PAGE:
Offshore winds are whipping up wildfires in California….Rising temps combined with fire suppression, increased development in wildland areas are making the West dangerously combustible.
[see my post on the No CA fires here; 2015 study found that a warming climate will likely make these “Santa Ana” offshore winds both more frequent and stronger, fueling potentially increasing destructive offshore wind driven fires by 64% ]
and here on fire tornadoes; [““Just like water flows from higher to lower elevation, winds flow down a pressure gradient as they go from high pressure to low pressure,” said Max Moritz, a wildfire specialist with the UC Cooperative Extension. “When they get concentrated, like through a mountain pass, they will speed up, like a river going through a narrow channel.” ]
The deadly fires that swept through California’s wine country this fall made one of the state’s most destructive fire seasons on record even worse, and the fierce Santa Ana winds now whipping up fast-moving blazes in the hills near Los Angeles are adding the year’s damage. As global temperatures continue to rise, scientists say the risk of extreme fire seasons is rising across the West.Wildfires are hugely complex events, complicated by human activity, including rampant development and decades of fire suppression strategies that left too much dry timber and underbrush for fires to burn.
Add the effects of climate change to the mix, and California’s already fire-prone landscape grows increasingly combustible.
After nearly five years of extreme drought, California finally got a lot of rain over the fall and winter. ….An analysis showed the grasses and scrub were at all time record dry levels before the wine country fires in early October. “Fire literally exploded and raced along the landscape,” the National Weather Service said. “This summer was so hot, that even a well-above-average winter wasn’t enough to prevent the record-dry year from drying out vegetation,” Swain said. “Both sides were important.”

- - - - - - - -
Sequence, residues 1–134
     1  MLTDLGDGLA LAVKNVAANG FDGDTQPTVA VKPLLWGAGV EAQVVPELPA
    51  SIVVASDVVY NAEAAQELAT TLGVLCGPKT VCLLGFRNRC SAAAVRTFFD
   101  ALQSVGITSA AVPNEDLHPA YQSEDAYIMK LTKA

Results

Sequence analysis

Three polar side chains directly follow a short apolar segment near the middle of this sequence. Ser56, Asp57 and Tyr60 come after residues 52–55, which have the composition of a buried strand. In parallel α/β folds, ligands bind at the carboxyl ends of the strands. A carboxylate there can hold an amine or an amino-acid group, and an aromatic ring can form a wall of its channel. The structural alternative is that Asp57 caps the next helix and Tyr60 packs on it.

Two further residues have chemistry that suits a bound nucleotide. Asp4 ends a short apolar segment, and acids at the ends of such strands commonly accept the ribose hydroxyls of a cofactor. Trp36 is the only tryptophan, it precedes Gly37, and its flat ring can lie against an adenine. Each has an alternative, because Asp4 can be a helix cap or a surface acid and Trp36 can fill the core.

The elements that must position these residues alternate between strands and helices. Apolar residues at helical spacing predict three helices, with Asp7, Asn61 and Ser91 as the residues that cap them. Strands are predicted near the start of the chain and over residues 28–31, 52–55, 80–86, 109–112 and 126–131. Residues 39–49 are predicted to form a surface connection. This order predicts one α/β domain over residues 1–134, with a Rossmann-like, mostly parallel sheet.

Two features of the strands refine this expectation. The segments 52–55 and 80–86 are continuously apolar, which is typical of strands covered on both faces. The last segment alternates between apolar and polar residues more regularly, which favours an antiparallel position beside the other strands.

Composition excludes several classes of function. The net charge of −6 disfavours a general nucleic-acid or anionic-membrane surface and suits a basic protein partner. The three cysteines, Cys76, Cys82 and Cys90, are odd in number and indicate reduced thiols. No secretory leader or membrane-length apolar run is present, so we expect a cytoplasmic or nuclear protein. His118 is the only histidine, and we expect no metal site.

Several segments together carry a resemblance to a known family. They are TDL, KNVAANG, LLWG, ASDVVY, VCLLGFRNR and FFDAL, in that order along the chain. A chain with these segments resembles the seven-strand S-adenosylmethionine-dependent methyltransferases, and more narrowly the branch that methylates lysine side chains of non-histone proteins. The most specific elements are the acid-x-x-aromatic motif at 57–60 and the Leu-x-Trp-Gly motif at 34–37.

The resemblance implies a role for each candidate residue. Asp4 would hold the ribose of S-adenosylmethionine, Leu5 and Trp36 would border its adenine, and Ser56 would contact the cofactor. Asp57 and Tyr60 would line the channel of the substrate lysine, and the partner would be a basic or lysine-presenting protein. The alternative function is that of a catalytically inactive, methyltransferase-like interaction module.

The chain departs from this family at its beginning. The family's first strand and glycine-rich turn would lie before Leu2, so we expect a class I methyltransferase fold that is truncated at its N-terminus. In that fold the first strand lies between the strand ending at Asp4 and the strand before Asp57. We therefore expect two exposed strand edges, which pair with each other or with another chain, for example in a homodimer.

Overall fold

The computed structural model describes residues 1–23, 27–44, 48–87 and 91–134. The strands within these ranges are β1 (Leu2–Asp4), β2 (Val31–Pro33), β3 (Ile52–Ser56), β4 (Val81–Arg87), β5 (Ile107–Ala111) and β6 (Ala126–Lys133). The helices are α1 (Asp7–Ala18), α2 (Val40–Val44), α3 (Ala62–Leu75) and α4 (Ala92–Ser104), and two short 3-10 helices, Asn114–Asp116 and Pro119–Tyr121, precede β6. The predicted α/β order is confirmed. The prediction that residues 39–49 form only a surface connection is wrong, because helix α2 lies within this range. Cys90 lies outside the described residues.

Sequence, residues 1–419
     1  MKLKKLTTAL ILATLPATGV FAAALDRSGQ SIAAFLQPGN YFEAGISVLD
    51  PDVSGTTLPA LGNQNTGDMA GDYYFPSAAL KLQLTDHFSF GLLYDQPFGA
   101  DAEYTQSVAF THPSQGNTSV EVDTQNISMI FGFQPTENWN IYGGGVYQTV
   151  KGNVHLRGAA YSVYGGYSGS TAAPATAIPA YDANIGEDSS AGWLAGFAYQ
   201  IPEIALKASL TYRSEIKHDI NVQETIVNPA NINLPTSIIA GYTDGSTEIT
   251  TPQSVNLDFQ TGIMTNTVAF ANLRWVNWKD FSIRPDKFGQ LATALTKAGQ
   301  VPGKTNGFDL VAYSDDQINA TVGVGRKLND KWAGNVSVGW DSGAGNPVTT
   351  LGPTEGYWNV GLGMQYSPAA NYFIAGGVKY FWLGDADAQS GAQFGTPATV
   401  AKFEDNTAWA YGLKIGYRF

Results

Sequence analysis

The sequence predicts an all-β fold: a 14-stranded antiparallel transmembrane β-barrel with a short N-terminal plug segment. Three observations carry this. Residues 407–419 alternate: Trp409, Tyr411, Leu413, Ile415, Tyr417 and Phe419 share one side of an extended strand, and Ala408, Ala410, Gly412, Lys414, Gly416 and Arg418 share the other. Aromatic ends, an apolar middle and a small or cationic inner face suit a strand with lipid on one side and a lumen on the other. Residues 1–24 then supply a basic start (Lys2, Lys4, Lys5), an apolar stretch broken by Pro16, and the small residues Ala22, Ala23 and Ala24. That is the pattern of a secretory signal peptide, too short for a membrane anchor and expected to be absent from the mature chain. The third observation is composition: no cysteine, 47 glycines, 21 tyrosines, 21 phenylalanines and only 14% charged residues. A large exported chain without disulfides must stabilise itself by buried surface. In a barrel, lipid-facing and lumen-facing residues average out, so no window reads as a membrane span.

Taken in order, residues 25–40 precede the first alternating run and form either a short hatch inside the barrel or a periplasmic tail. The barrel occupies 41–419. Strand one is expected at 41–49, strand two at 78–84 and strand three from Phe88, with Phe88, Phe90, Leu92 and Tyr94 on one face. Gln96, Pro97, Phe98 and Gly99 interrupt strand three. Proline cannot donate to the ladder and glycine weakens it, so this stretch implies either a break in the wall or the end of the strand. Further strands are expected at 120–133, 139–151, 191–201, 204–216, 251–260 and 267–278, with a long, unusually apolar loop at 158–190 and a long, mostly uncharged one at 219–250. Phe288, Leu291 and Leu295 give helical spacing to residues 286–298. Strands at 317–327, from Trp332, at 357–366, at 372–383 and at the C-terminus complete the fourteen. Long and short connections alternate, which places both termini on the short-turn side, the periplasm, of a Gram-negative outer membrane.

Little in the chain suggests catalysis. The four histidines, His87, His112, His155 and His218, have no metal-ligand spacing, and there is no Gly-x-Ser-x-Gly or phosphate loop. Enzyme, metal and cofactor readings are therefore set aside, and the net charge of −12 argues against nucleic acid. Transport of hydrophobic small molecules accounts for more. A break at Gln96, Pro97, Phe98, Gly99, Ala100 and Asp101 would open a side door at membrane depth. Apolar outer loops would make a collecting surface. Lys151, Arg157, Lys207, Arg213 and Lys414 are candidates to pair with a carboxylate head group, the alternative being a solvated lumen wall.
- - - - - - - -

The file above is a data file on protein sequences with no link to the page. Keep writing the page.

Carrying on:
Why do these fires spread so fast?
….the seasonal hot, dry Diablo winds, sweeping down from higher elevations, fanned the flames in the North Bay….The National Weather Service reported that wind gusts hit nearly 79 miles per hour. Wind-driven fires can move quickly, and these leapt hundreds of feet in seconds.The southern part of the state has its own seasonal hot, dry winds, called the Santa Ana, and those helped drive the fires near Los Angeles in December. Research projects that those winds will fan more destructive and larger fires in that region—an increase of about 60 percent by mid-century—while non-wind driven fires will also increase because of hotter, drier summers—by nearly 80 percent in the same timeframe.
Development is also an issue in fire risk. Over the past half century, humans have pushed farther into wildland areas, building more homes, businesses, roads and utility lines. As firefighters protect these areas, fewer wildfires—a natural part of many ecosystems—have been allowed to burn, allowing fire fuel to grow. Roughly 46 million homes are in these wildland-urban interface areas, and more than 5 million are in California.
Will extremes get worse with climate change?
Recent research from the Pacific Northwest National Labs and Utah State University scientists projects that extreme drought and extreme flooding in California will increase 50 percent by the end of the century—potentially triggering the growth of vegetation that quickly becomes fuel as temperatures rise in the summer…..